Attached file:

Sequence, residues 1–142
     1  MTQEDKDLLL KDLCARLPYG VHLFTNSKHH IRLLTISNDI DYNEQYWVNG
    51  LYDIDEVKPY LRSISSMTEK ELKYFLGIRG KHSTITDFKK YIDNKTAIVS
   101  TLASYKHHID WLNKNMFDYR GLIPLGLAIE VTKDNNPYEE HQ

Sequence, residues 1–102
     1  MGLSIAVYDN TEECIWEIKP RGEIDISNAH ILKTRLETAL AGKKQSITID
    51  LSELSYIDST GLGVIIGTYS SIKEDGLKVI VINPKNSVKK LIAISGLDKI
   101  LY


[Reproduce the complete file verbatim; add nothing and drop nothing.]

Sequence, residues 1–142
     1  MTQEDKDLLL KDLCARLPYG VHLFTNSKHH IRLLTISNDI DYNEQYWVNG
    51  LYDIDEVKPY LRSISSMTEK ELKYFLGIRG KHSTITDFKK YIDNKTAIVS
   101  TLASYKHHID WLNKNMFDYR GLIPLGLAIE VTKDNNPYEE HQ

Sequence, residues 1–102
     1  MGLSIAVYDN TEECIWEIKP RGEIDISNAH ILKTRLETAL AGKKQSITID
    51  LSELSYIDST GLGVIIGTYS SIKEDGLKVI VINPKNSVKK LIAISGLDKI
   101  LY